# A FiveThirtyEight Spelling Bee

Another week, another riddler. This weeks:

From Steven Pratt, ordinal bee probability:

You are competing in a spelling bee alongside nine other contestants. You can each spell words perfectly from a certain portion of the dictionary but will misspell any word not in that portion of the book. Specifically, you have 99 percent of the dictionary down cold, and your opponents have 98 percent, 97 percent, 96 percent, and so on down to 90 percent memorized. The bee’s rules are simple: The contestants take turns spelling in some fixed order, which then restarts with the first surviving speller at the end of a round. Miss a word and you’re out, and the last speller standing wins. The bee words are chosen randomly from the dictionary.

First, say the contestants go in decreasing order of their knowledge, so that you go first. What are your chances of winning the spelling bee? Second, say the contestants go in increasing order of knowledge, so that you go last. What are your chances of winning now?

Unfortunately I had to just brute for this one. Due to the nature of the problem I couldn’t think of a good way to put this into any sort of an equation. Here are the results:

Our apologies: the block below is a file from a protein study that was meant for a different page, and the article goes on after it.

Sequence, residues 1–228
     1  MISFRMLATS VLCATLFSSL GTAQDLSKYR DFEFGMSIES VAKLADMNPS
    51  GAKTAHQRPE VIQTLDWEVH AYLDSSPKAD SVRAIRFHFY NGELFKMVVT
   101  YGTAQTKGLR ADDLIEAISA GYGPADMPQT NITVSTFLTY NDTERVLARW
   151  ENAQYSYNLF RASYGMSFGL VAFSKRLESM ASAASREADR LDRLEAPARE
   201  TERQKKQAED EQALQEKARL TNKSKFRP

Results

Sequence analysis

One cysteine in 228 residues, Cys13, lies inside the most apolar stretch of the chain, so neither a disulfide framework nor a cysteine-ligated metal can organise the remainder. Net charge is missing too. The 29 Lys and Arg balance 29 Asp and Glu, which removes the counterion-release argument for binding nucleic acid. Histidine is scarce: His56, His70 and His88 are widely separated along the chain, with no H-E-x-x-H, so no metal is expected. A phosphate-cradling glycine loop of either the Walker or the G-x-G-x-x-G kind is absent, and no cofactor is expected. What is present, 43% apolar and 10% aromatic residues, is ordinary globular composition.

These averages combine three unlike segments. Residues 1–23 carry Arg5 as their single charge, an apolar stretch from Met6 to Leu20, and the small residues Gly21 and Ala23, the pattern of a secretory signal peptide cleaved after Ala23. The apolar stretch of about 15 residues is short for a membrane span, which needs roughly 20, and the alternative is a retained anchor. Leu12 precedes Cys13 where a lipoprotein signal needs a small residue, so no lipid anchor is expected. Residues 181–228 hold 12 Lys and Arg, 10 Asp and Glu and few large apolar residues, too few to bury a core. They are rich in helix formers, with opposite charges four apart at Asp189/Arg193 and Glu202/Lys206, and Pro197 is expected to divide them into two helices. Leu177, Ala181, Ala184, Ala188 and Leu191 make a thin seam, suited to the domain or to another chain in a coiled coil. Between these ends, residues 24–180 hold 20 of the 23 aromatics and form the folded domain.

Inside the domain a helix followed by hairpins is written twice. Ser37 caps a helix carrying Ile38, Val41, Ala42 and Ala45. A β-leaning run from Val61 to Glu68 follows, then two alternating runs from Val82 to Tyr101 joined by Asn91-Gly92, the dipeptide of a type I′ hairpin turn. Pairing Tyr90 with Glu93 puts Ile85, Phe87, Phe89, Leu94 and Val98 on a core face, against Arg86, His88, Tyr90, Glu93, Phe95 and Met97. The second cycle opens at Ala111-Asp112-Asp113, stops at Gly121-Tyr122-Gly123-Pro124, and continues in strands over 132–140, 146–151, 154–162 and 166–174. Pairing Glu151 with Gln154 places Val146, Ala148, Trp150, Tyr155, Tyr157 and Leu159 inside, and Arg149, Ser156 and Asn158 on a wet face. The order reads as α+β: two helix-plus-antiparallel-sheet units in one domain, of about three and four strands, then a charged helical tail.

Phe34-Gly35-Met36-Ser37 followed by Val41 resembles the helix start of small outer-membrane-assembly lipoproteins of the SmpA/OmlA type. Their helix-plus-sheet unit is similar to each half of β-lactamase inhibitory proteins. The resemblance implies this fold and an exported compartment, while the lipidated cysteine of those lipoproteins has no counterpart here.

import random
import matplotlib.pyplot as plt
import matplotlib.patches as patches

def play_round(player):
return random.randint(0,99) > player

def play_game():
players = [1 for i in range(1,11)]
players_left = sum(players)

player_up = 0
while players_left > 1:
if players[player_up]:
if not play_round(player_up):
players[player_up] = 0
player_up = (player_up + 1) % len(players)
players_left = sum(players)
return players.index(1)

#Run cycles

winners = [0 for i in range(1,11)]
for cycles in range(100000):
winner = play_game()
winners[winner] += 1
if (cycles%10000 == 0): print(winners)

## Configure for plotting

percents = [float(winners[i])/cycles for i in range(len(winners))]
players_for_plotting = [99-i for i in range(10)]

fig = plt.figure()